The Catholic Church associates the Eucharist, among other things, with the “daily bread” mentioned in the Lord’s Prayer (Matthew 6:11; Luke 11:3) and, although circumstances may not always permit it, ideally celebrates the Eucharist on a daily. See the section on “Give us this day our daily bread” of the Lord’s Prayer in the Catechism of the Catholic Church, paragraphs 2828-2837.

Participation at the Mass on Sundays and other holy days of obligation (vatican.va/archive/ENG1104/__P4N.HTM) and reception of the Eucharist at least once a year during the Easter season is the minimum prescribed by the current Code of Canon Law (canon 920). Daily reception of the Eucharist is highly recommended for those who are able, even two receptions of the Eucharist in a day are ordinarily permitted under certain circumstances (vatican.va/archive/ENG1104/__P39.HTM) or three times, if the third time is in the form of Viaticum (vatican.va/archive/ENG1104/__P39.HTM).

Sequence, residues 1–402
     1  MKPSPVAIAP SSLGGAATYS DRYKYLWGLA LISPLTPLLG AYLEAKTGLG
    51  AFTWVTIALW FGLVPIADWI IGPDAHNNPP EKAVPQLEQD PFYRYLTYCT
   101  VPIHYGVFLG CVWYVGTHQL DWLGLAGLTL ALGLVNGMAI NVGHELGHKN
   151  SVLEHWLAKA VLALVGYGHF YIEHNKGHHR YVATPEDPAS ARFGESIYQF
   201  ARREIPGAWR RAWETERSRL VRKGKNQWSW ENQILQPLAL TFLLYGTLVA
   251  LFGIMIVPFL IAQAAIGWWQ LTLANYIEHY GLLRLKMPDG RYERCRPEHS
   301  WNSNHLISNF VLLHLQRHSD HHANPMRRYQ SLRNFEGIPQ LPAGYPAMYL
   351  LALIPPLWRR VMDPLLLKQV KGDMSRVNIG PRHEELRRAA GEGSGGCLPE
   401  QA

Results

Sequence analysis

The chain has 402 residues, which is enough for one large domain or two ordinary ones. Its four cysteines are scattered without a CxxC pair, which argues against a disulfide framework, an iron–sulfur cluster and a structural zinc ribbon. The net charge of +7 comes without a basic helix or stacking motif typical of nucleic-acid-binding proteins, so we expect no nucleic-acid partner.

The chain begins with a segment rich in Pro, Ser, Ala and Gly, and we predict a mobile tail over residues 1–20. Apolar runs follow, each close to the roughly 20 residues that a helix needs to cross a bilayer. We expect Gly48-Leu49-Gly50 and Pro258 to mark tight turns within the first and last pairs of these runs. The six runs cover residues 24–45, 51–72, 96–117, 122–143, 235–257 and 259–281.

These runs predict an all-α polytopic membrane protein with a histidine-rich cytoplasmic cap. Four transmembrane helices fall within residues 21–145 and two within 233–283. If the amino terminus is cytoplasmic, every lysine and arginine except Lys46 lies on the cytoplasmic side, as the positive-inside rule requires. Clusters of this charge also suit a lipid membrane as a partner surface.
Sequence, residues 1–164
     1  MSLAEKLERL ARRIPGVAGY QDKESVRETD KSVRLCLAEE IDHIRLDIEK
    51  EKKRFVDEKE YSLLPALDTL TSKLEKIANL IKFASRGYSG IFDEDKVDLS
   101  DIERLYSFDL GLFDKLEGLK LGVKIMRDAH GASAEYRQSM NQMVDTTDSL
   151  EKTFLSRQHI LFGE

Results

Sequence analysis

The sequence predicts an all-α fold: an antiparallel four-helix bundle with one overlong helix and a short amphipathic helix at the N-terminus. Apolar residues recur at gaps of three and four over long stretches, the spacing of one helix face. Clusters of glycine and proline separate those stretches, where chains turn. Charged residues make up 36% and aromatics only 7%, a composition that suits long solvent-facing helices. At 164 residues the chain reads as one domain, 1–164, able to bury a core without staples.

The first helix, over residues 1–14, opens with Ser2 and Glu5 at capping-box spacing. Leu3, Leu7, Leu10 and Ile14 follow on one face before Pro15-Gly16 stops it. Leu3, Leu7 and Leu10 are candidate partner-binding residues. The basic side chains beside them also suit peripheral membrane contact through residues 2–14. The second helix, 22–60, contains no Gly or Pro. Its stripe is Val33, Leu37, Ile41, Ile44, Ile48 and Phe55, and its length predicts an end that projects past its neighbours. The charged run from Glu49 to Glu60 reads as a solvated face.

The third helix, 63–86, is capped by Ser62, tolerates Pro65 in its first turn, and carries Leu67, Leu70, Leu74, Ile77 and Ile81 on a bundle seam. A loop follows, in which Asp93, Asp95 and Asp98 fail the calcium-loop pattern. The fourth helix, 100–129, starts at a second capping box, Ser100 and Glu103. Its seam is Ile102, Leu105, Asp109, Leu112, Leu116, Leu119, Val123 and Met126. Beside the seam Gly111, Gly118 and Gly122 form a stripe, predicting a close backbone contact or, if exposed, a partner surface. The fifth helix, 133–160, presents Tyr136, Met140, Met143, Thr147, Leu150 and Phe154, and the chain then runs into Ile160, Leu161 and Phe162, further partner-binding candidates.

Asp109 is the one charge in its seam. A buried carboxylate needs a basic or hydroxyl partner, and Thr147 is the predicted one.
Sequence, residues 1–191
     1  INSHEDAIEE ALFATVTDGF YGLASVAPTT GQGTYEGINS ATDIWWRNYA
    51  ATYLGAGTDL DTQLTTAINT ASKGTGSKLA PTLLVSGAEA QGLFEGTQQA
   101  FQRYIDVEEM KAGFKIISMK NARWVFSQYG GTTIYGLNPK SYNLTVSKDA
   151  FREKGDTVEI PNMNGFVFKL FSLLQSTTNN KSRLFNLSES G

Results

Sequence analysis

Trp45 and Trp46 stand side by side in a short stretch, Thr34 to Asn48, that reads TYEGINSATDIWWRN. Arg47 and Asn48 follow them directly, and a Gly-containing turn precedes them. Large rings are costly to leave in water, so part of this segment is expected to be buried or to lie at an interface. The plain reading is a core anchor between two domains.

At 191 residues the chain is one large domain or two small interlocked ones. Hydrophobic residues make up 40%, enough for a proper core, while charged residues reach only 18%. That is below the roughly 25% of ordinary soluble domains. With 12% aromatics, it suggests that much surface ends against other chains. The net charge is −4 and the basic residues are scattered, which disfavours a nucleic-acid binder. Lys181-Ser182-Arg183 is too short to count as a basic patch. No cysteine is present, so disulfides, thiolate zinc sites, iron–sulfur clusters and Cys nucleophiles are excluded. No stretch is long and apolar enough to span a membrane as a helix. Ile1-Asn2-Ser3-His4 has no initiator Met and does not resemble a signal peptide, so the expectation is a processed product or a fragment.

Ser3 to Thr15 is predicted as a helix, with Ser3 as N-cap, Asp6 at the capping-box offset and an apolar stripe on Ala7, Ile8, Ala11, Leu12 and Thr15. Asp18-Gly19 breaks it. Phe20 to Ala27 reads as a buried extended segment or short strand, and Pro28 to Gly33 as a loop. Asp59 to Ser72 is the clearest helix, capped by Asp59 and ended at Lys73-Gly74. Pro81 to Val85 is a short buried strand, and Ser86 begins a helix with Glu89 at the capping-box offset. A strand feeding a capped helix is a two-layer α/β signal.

Boy they would probably be astonished that I receive the Eucharist almost every day. :wink:

I don’t think there is anything inherently wrong with your answer though I think it leaves out a key concept. In particular it doesn’t speak to the graces we receive through the sacraments. Just as the Hebrews received Mana to sustain them in the desert, so to do we receive our “daily bread” to spiritually sustain us through the Eucharist. The graces I receive through the Eucharist help me to avoid the temptation to sin.

Have you ever thought about the redundancy of the petition “give us this day our daily bread”. This redundancy is because the original Greek versions of the Lord’s Prayer does not speak of “daily bread” but instead about “super substantial bread”, but what in the world does that mean? Remember that Christ taught that the mana fed the body, but the body still died. He on the other hand would provide the bread of eternal life… the early church fathers universally held that this “super substantial bread” was Christ, the bread of life, hidden in the Eucharist.